Getting Along | Amy Gallo

Summary of: Getting Along: How to Work with Anyone (Even Difficult People)
By: Amy Gallo


In ‘Getting Along: How to Work with Anyone (Even Difficult People)’, Amy Gallo delves into the complex world of workplace relationships and their impact on job satisfaction. Contrary to popular belief, your status or line of work alone won’t guarantee happiness; instead, social connections and supportive colleagues are key factors. In this summary, we’ll explore the importance of reshaping our perception of work relationships, dealing with unpleasant coworkers, and improving our overall well-being at work.

Social Connections: Key to Job Satisfaction

Job satisfaction is not always dependent on impressive titles, high salaries, or the nature of the work itself. Instead, it hinges on the quality of social connections and the relationships formed in the workplace. The feeling of being supported and surrounded by positive colleagues can, in turn, improve an individual’s sense of fulfillment and happiness at work. Therefore, it is essential to recognize that jobs considered mundane can be equally satisfying and rewarding if one has meaningful social connections at their workplace.

The common assumption is that a higher ranking job or working for a prestigious organization guarantees happiness and satisfaction in one’s career. However, this is not always the case. Job satisfaction doesn’t always rely on the job itself, but rather, on the nature of the relationships one has with their coworkers. For example, a factory worker with close friends at work may be happier than an executive in a hostile work environment, as social connections play an essential role in one’s overall job satisfaction.

A study conducted to examine the effect of supportive people on perceived challenges proves the importance of having strong social connections. Participants were divided into two groups: solo climbers and paired-up climbers. When given a heavy backpack and asked to estimate a hill’s steepness, the paired-up climbers gave a more manageable estimate compared to those who were alone.

On the other hand, the lack of supportive workplace relationships can negatively impact one’s productivity and well-being. Studies show that unhappy employees may deliberately underperform, and hostile work environments can have detrimental effects on health. In one experiment, couples in supportive relationships had a faster healing rate from minor injuries than those in conflictive relationships.

The human brain is wired to respond to the way we are treated by others. When we face criticism or betrayal in the workplace, our amygdala releases stress hormones, causing physical manifestations, such as shallow breathing or a tense jaw. In the long term, these stressors can harm your career and health.

In conclusion, establishing positive social connections in the workplace is crucial for achieving job satisfaction and overall well-being. Individuals must recognize the value of these relationships, regardless of their job, title, or organization. Having caring colleagues and a supportive work environment will contribute immensely to one’s fulfillment and happiness at work.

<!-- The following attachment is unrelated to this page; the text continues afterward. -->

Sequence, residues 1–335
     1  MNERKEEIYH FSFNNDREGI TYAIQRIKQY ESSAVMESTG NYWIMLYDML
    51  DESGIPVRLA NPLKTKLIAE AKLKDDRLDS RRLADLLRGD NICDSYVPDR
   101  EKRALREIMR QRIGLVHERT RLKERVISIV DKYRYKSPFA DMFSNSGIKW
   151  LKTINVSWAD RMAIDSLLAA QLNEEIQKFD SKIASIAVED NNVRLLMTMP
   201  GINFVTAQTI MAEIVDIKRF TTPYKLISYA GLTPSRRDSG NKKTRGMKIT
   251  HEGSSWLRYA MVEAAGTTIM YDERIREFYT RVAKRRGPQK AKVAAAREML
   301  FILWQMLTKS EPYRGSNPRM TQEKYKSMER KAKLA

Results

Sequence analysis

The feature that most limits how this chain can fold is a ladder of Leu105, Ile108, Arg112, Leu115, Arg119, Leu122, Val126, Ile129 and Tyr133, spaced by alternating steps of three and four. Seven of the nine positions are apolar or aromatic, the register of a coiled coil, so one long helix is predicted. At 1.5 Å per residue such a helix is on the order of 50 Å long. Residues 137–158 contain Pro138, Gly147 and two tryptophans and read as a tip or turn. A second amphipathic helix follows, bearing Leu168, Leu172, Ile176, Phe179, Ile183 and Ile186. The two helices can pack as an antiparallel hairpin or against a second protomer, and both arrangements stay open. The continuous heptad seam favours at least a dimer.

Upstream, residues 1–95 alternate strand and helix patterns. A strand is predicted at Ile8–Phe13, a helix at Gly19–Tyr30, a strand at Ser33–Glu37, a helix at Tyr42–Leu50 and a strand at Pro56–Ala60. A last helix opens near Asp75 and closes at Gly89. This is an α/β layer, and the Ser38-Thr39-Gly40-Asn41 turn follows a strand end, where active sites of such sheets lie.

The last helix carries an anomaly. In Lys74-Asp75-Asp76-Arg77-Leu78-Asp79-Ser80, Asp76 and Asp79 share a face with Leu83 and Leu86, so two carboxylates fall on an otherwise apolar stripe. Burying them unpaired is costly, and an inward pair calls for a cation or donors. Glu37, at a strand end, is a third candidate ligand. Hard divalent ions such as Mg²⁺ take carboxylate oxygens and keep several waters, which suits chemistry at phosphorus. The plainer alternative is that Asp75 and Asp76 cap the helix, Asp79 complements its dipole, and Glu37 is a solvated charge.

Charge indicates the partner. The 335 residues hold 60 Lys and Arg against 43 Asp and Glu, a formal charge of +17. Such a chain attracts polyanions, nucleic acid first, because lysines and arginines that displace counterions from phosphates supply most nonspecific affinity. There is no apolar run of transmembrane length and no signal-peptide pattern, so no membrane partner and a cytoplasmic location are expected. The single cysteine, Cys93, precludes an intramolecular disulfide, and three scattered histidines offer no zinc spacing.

Harnessing Growth Through Response

Embrace the power of choice by observing your reactions and reappraising situations, which ultimately leads to personal growth and freedom. Identify and avoid difficult individuals, document interactions, and focus on nurturing relationships with positive, like-minded people, both inside and outside of work.

Viktor Frankl, an Austrian psychiatrist and Holocaust survivor, once shared a profound idea: within the gap between stimulus and response lies our power to choose our reactions, and in that choice, we find growth and freedom. To explore this concept, consider your own reactions to various situations.

For instance, imagine presenting at work and becoming upset when a coworker shrugs instead of applauding. You might feel as if the presentation was a failure. However, this reaction may stem from a negativity bias, where you focus solely on the undesirable outcome while overlooking any positive aspects. Perhaps other colleagues nodded, smiled, or took notes enthusiastically throughout your presentation.

To overcome this bias, reassess the situation and attempt to perceive it through a more positive or neutral lens. Reframe any challenges as opportunities rather than threats.

If unpleasant work relationships continue to impact your career and life, take proactive steps to address them. Identify difficult people, such as a passive-aggressive manager or a consistently negative coworker, and minimize interactions with them whenever possible. Choose to communicate through email or decline social invitations when appropriate.

When avoidance is not an option, start documenting interactions and conversations to identify behavioral patterns. However, avoid shaming others, retaliating, or suppressing your feelings.

Emphasize personal control by creating a microculture that aligns with your values. Connect with people who share your mindset and offer a positive presence in your life. Engage in activities beyond work with these individuals and practice self-compassion, ultimately cultivating growth and freedom through mindful response.

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